Kindest regards, Richard (Bowering)

    (Posted on 2011-02-27 10:57:00 by Keith Diggle (1951-1955))
  24. Apologies for misspelling Jim Leslie's name in my most recent post

    (Posted on 2010-11-09 19:03:00 by Keith Diggle (1955))
  25. The four consecutive Tuesday morning chats were very pleasant (see my previous posting). It wasn’t as if OLs were queuing to get into Smith’s to join my table but I was never alone and the conversations were extremely interesting. Mike Wasse, David Osborn, Jim Lesley and Bob Baxter variously joined me and our discussions ranged far and wide. As one would imagine, the topics were largely Laxton School orientated and covered the state of health, location and achievements of old school friends, the degree of eccentricity of our schoolmasters, the accounts of wild and bizarre behaviour of our former school fellows (at least two were known to have defended themselves against intrusion with sharp pencils and who was the boy that could whistle without, apparently, pursing his lips or, indeed, even opening his mouth?). We discovered that two of us had been caned, one of whom had actually succeeded in protecting himself with an exercise book inside his trousers – that is, he was not discovered and so emerged from the ordeal more-or-less unscathed; the other had not dared to do this and suffered for it. Both agreed the practice was foul and indicative of a sadistic streak. Be assured, it was not ‘Quack’ Leech who wielded the cane.

    I received a very welcome email from Richard Bowering

    I've just been reading the OLC website. How I'd love to have a coffee with you at no 4. Sadly I live too far away. I left LGS in 1956 (as a non-achiever!) Drifted from job to job and then decided that I would find fame and fortune in Australia. Applied for the £10 migration scheme, got turned down, so at the tender age of 19 decided to set off for Australia overland with £72 in my pocket.(Took almost 6 months to get there). 5 years later I was back in Oundle and found myself working for Perkins Diesel in Peterborough. Actually we did meet in round about 1968 or '69. I was singing the role of Dr Bartolo at Uppingham school in a production of the Barber of Seville and you were there with your orchestra. Still restless, I migrated to NZ in 1971. Nelson in particular, where for 20 years fruit growing was my main source of income. I later worked as a professional opera singer and actor for many years. I’ve just finished a season of Les Miserables which was my 94th production. Not bad eh? I have worked as an artist for many years and have my own gallery in Oamaru in the South Island. I remember you so well from school, even though you were senior to me, and for some years I have followed your career on the computer! I hope you don’t mind my writing to you like this; it’s just that Laxton meant so much to me – which is strange because they were not particularly happy days for me on a personal level, yet I’ve never really got the place out of my system.
    I wish you well in your retirement
    Kind regards

    I have checked with Richard, whom I remember very well, and he is happy to have his message reproduced on our website. In a later message he tells us that his brother Robin, who is 18 months older than he, became an actor, is now retired and is living in New South Wales, Australia. In 1979, when I was doing a lecture tour of Australia and New Zealand, one of my dates was in the Sydney Opera House (I was appearing in just a small hall within the complex!) and I saw Robin’s name on a poster for a production of Macbeth there. I sent a note backstage and we were able to share a few minutes together. Tim, Richard’s elder brother, lives in Warmington and is not at all well now.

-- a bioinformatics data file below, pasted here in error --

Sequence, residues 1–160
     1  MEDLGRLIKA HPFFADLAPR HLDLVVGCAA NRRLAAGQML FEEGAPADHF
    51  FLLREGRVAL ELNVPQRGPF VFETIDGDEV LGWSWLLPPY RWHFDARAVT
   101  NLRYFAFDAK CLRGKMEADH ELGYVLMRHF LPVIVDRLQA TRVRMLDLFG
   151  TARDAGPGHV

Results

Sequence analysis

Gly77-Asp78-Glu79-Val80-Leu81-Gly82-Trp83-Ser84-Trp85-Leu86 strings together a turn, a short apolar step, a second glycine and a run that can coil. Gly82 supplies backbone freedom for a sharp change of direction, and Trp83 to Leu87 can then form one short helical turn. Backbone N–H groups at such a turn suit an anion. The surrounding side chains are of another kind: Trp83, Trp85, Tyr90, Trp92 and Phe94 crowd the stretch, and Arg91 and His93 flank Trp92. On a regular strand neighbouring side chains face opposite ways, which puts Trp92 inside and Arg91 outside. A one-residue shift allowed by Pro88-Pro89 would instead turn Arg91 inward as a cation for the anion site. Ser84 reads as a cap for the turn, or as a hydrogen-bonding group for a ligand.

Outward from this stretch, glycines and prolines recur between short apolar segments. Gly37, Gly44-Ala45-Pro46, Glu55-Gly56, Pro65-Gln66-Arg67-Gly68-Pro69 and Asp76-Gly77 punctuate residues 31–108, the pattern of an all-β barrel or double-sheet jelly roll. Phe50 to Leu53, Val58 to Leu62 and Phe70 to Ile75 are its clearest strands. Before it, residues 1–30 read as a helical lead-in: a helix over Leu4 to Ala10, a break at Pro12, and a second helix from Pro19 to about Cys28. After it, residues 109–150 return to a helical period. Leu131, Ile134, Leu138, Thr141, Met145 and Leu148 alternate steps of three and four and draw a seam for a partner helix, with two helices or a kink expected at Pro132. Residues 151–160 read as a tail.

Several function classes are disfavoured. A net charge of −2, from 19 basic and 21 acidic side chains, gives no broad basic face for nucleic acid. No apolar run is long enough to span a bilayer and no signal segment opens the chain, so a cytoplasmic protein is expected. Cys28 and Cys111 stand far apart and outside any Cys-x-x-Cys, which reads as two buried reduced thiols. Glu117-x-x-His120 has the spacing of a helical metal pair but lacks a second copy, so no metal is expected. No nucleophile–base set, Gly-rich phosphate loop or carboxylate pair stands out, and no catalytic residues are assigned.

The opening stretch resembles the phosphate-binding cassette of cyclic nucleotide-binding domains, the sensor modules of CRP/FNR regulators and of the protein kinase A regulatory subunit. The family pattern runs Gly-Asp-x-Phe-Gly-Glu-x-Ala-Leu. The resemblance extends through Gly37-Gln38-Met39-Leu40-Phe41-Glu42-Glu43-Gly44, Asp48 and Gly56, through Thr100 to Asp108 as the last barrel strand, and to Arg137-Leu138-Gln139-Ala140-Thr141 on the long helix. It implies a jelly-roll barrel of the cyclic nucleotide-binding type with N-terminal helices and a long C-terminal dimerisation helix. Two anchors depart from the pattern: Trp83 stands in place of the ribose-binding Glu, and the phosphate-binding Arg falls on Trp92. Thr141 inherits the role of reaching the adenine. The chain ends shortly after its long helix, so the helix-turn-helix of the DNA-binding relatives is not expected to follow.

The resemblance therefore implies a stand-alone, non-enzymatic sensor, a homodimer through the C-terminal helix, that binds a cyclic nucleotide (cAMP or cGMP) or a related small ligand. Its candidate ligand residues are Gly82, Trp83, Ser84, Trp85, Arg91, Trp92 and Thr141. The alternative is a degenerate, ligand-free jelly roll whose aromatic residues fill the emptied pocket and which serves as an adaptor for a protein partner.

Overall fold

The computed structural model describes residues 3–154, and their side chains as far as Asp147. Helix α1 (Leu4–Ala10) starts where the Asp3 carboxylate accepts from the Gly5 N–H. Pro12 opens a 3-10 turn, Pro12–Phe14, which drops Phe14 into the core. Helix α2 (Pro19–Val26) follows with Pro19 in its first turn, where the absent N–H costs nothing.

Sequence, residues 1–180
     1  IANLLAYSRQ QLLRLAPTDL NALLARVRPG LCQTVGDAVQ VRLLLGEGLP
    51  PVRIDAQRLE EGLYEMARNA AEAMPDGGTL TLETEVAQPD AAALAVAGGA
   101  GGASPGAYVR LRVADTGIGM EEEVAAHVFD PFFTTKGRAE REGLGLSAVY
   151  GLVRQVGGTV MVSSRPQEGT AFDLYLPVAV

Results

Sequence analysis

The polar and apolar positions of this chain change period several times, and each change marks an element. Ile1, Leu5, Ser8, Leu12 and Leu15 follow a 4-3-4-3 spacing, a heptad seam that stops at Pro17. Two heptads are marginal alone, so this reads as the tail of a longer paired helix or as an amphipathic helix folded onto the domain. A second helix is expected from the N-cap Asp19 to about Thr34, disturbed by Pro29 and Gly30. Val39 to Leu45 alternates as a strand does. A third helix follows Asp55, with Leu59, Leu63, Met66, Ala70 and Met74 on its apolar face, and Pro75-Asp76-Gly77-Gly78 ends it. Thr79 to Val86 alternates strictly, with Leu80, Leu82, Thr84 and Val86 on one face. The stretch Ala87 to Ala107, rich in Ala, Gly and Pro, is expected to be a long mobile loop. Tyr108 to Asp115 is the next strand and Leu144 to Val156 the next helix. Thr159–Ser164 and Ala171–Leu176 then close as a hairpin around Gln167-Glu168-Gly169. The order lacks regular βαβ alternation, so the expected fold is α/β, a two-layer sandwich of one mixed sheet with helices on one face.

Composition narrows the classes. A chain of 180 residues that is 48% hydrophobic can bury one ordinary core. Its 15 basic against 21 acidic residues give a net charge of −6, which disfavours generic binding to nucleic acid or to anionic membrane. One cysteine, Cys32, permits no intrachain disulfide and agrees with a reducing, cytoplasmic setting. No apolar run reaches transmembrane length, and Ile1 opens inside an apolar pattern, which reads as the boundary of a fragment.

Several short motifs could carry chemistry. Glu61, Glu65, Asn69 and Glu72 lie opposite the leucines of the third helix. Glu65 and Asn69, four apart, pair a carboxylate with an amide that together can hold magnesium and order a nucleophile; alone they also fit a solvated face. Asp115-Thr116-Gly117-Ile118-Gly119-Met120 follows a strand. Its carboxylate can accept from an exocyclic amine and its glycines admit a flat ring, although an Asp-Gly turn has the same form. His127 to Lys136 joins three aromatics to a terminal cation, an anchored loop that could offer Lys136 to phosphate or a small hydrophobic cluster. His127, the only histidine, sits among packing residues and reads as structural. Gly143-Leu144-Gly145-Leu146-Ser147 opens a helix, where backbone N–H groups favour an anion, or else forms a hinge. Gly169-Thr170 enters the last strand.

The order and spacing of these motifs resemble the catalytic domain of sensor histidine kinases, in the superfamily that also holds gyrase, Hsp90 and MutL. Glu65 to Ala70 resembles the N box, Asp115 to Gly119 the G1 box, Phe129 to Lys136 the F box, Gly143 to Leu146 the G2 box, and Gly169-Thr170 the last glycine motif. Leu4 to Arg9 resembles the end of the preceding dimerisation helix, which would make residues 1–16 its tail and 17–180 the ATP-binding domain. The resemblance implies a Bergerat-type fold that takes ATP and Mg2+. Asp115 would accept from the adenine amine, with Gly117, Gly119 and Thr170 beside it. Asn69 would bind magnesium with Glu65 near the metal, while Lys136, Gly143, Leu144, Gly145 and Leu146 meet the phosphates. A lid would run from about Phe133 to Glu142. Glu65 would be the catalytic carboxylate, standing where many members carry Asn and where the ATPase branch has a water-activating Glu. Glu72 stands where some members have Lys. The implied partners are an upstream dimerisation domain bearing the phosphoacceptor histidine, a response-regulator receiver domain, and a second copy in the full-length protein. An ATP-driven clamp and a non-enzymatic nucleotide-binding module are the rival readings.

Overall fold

(Some OLs may remember that the Father of the Bowering boys ran the grocery shop and Post Office in Warmington and, being a fine singer, was a star of the Oundle Gilbert and Sullivan Society).

    (Posted on 2010-11-09 18:10:00 by Keith Diggle (1955))
  26. I'd like to think that Old Laxtonians planning to visit Oundle would have a contact here in the town where I live. Several months ago I was very pleased to meet up with Richard Ince - a contemporary of mine - who was visiting his sister and looked up my telephone number in the book. We spent a very congenial couple of hours talking about old times.
    I would be happy to hear from OLs of my generation and invite email contact from anyone thinking of paying a visit. A cup of coffee in Smiths at Number 4 is relaxing and gives a great view of our old school. Make a note of email@keithdiggle.com
    As an experiment I am planning to take coffee at Smiths every Tuesday morning - for the next four weeks - from 10.30am and invite both local and visiting OLs to join me. I'll bring a book in case no-one turns up!

    (Posted on 2010-10-18 15:55:00 by Keith Diggle (1955))
  27. Just out of interest, is that most remarkable
    of all headmasters, George Simpson, still or

    (Posted on 2010-09-10 21:33:00 by simon lillingston)
  28. In a very recent conversation with David Osborn another suggestion as to how our much revered S.J.J. Leech came to be called 'Quack' emerged. Many years ago a person lacking in stature might be referred to as suffering from 'Duck's Disease' - this notion stemming from the fact that the duck lives its life very close to the ground. Quack Leech was not a tall man.